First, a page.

Lake Resources and Lilac Solutions signed a partnership agreement wherein Lilac is able to achieve an equity stake in the Kachi project with project funding obligations while providing its leading technology to advance the project.

"There's a real deal here, and now value opportunity. But on top of that, we've de-risked it from the debt side and from the equity side. This project is going to happen, and not only that, we're going to be scaling it up to 50,000 tonnes per annum soon after we get into production. That will make us one of the top five producers in the lithium space."

Watch the full interview of Lake Resources Managing Director Stephen Promnitz above.

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Ioneer Ltd is pleased to announce that the Company has reached an agreement to establish a joint venture with Sibanye Stillwater Limited to develop the flagship Rhyolite Ridge Lithium-Boron Project located in Nevada, USA . Under the terms of the agreement, Sibanye-Stillwater will contribute US$490 million for a 50% interest in the Joint Venture, with ioneer to maintain a 50% interest and retain operatorship. ioneer …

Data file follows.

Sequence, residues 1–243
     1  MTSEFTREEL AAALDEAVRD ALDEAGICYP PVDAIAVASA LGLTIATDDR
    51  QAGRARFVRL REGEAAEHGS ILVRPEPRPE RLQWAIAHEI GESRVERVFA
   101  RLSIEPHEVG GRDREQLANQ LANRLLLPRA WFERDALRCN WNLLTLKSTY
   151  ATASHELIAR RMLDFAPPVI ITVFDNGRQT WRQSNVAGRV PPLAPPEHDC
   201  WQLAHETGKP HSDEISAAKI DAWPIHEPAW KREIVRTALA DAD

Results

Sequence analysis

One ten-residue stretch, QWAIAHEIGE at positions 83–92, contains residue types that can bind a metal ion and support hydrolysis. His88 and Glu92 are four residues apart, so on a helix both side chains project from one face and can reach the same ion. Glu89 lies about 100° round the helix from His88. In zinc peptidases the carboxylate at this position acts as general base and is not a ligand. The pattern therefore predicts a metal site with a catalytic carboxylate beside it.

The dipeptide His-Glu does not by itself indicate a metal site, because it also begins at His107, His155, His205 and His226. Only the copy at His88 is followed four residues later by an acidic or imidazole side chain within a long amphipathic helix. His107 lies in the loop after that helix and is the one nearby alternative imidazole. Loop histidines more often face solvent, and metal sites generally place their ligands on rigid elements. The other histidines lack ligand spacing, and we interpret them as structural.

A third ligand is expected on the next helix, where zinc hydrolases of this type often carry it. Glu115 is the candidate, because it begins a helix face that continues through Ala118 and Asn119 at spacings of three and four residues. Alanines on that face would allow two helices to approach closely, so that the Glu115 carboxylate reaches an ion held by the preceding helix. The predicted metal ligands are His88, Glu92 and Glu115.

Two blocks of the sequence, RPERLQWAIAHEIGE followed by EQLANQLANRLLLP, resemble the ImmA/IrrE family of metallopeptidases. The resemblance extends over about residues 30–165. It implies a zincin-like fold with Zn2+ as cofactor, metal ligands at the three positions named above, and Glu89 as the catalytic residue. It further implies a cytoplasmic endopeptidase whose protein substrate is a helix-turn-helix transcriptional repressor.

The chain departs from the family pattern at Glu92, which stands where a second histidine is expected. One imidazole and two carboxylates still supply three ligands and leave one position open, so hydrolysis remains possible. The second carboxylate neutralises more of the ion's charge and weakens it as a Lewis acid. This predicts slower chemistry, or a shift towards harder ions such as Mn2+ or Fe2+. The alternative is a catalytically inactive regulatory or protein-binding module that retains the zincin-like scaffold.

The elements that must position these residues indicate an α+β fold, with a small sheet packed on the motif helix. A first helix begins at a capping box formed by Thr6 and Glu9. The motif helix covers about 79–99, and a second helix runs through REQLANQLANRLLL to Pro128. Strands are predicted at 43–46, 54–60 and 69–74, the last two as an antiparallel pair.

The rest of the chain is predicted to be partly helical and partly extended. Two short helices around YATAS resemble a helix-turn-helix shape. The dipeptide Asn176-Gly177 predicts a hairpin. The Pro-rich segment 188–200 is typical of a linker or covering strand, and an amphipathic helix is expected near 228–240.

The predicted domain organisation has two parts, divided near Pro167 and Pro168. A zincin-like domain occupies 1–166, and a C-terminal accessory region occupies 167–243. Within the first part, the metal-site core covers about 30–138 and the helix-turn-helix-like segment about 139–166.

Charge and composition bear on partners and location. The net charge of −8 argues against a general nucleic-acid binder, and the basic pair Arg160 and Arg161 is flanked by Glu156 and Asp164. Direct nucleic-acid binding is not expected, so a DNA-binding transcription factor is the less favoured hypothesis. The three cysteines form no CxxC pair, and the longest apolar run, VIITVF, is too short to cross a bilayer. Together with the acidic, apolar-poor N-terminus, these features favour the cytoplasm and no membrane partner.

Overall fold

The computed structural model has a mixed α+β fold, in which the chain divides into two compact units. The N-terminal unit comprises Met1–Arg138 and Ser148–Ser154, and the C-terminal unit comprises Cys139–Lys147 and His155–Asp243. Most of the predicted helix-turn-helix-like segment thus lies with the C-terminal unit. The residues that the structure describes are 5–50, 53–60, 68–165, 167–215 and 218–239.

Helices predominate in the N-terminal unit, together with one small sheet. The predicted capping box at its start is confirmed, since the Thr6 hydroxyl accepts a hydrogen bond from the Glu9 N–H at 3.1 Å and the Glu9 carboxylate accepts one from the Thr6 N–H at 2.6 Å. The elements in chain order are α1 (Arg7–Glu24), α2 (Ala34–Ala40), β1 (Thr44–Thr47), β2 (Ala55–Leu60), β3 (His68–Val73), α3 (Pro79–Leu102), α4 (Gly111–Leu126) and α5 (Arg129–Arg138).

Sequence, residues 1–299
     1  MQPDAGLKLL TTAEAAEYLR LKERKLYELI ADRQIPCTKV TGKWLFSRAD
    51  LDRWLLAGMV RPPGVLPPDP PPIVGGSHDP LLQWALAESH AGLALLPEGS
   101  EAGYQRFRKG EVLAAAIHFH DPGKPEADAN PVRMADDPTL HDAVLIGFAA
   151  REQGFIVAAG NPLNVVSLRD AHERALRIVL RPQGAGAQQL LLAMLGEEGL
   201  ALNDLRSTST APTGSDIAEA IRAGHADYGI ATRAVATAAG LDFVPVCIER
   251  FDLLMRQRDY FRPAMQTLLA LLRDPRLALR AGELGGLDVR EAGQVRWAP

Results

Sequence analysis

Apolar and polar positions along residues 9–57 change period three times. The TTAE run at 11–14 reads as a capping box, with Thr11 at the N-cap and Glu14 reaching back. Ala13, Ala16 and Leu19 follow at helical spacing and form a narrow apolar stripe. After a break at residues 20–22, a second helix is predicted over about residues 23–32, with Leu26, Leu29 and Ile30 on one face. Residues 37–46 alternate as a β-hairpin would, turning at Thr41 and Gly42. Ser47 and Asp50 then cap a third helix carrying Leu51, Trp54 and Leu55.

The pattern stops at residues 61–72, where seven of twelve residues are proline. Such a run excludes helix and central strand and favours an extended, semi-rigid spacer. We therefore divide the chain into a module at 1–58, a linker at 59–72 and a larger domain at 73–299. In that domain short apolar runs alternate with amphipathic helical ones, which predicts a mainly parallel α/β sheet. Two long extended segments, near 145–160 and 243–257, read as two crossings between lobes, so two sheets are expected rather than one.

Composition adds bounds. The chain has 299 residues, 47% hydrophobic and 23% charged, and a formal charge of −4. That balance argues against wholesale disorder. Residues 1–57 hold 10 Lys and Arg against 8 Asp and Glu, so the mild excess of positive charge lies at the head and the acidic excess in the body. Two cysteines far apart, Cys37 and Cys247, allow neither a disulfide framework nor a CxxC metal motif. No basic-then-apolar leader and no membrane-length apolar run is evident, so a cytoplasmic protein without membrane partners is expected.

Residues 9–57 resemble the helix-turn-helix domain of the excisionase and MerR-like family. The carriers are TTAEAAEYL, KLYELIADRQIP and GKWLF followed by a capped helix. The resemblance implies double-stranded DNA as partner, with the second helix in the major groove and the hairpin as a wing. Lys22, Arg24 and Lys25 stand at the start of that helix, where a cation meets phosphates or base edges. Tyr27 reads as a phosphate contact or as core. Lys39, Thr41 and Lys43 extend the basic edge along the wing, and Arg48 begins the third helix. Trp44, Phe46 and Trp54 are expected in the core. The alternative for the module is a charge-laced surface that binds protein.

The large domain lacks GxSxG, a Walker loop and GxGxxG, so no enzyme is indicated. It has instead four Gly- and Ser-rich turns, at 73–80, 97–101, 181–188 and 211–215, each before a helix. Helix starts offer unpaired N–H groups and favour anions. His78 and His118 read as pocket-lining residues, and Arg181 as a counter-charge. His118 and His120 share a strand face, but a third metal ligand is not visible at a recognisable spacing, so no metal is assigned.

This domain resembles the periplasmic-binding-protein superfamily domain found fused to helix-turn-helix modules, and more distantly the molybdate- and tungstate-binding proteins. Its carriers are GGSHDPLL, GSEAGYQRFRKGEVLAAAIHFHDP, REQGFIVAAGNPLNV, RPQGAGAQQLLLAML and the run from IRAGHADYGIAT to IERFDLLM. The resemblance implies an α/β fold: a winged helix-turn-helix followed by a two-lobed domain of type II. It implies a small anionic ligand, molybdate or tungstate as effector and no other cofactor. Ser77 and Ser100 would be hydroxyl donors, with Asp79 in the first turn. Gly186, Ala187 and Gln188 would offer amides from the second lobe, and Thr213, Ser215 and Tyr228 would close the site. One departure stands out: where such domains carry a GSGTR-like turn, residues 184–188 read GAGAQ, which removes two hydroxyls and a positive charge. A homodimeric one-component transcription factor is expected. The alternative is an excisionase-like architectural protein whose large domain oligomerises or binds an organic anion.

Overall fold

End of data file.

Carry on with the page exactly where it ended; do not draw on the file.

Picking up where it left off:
Ioneer Ltd (“ioneer” or the “Company”) (ASX: INR) is pleased to announce that the Company has reached an agreement to establish a joint venture (the ” Joint Venture “) with Sibanye Stillwater Limited ( “Sibanye-Stillwater” ) to develop the flagship Rhyolite Ridge Lithium-Boron Project located in Nevada, USA (the “Project” ). Under the terms of the agreement, Sibanye-Stillwater will contribute US$490 million for a 50% interest in the Joint Venture, with ioneer to maintain a 50% interest and retain operatorship. ioneer has also agreed to provide Sibanye-Stillwater with an option to participate in 50% of the North Basin 1 upon the election of Sibanye-Stillwater to contribute up to an additional US$50 million subject to certain terms and conditions.